Excerpts from Jim Conrad's
Naturalist Newsletter

from the May 22, 2016 Newsletter with notes from a visit in mid April to Lacanja Chansayab in the Lacandon Reserve, Chiapas, MÉXICO
YELLOW JACOBINIA
About a month ago, on April 14th, in the Lacandon community of Lacanja Chansayab in Chiapas's Lacandon Reserve in extreme southeastern Mexico, when I entered the forest near the campground where I stayed, a shoulder-high bush occupying the forest's shadowy understory was resplendent with terminal clusters of two-inch long (5cm), yellow blossoms, shown below:

Yellow Jacobinia, JUSTICIA AUREA, habitat

A close-up of some of its curve-tubed, two-lipped blossoms is shown below:

Yellow Jacobinia, JUSTICIA AUREA, flowerss

Each flower bore only two stamens, which were attached to the corolla tube -- not arising from below the ovary, as often is the case.

Though this was something new for me, several similar species with clusters of bright, two-lipped flowers bearing either two or four stamens instead of the expected five have been identified, so from the first it was clear that this was a member of the large, mostly tropical Acanthus Family. Such a large, showy species was bound to have been taken into cultivation, and this helped with the identification process: I just did a Google image search on the keywords "Acanthaceae yellow Mexico," and on the first one or two pages of thumbnails, there it was.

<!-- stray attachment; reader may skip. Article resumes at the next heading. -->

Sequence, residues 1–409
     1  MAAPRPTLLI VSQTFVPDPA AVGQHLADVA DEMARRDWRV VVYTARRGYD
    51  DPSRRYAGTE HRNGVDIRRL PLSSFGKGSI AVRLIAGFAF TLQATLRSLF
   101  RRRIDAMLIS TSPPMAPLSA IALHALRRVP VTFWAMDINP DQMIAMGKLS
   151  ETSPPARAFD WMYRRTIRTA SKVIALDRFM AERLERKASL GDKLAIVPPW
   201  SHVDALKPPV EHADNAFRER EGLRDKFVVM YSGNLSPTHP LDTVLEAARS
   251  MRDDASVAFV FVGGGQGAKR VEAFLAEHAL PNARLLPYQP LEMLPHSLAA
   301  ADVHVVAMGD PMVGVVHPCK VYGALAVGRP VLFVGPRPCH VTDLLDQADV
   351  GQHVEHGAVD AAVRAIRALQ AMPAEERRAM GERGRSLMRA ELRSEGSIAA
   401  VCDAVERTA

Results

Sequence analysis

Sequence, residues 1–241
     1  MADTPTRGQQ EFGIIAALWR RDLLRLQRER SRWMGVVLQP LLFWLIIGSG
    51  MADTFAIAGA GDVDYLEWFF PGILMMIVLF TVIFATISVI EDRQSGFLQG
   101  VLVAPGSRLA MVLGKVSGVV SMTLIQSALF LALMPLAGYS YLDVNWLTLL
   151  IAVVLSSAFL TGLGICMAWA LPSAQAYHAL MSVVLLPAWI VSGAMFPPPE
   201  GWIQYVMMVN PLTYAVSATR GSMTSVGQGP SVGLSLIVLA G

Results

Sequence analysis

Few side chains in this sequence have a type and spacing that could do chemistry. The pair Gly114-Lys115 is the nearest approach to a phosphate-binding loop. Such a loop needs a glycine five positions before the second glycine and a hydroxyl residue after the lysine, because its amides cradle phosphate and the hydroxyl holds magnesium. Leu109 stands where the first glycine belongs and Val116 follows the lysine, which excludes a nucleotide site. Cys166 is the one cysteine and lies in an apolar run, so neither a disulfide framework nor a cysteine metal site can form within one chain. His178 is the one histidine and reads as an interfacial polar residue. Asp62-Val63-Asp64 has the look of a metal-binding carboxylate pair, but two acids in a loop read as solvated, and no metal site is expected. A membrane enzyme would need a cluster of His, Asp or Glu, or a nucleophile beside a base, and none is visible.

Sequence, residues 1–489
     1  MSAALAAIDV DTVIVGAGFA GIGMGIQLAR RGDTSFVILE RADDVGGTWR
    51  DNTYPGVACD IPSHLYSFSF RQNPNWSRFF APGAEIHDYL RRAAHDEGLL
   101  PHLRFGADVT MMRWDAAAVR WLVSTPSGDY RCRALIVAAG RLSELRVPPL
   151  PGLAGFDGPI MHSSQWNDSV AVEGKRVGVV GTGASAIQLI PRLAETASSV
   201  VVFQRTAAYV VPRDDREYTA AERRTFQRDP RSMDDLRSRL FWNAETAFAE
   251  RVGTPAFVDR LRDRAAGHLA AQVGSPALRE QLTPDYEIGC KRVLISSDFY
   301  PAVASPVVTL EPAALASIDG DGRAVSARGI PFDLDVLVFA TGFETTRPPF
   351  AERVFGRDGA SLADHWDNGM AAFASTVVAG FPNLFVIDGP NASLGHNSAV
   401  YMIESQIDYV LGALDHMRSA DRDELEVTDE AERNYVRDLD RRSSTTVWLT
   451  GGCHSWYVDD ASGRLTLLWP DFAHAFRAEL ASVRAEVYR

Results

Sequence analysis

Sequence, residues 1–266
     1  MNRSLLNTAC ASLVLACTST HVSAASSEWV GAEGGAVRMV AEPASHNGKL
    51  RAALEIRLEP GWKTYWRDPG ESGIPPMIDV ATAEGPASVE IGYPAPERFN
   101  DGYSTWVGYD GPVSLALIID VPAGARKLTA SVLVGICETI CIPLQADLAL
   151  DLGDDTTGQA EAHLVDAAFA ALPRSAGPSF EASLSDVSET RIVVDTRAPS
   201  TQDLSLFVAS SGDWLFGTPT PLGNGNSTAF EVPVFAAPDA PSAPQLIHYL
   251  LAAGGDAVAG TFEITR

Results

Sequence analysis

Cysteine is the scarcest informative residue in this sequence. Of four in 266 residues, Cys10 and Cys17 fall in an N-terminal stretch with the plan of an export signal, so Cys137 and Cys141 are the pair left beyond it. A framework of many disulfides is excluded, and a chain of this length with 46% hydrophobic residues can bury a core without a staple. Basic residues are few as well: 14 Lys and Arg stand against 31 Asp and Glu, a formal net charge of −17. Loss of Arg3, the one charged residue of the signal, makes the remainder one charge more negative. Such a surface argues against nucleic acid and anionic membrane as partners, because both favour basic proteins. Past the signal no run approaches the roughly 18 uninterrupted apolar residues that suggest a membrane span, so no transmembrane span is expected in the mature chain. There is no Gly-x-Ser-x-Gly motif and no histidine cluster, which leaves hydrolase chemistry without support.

It's the Yellow Jacobinia, JUSTICIA AUREA. Earlier the species was assigned to the genus Jacobinia, which accounts for the English name. Sometimes it's also called Yellow Justicia. It's native from Mexico to Panama.

Garden shops up north market it as an evergreen shrub reaching ten feet high (3m) and blooming year-round, preferring light shade, and hardy down to the freezing point. Most Internet pictures of the species growing in gardens shows larger plants than ours, with much taller clusters of flowers. I guess that happens under cultivation, or maybe they're cultivars. Our Yellow Jacobinias were wild plants, though, competing with all other organisms in that environment for limited resources, so it's amazing that the plants looked as robust as they did.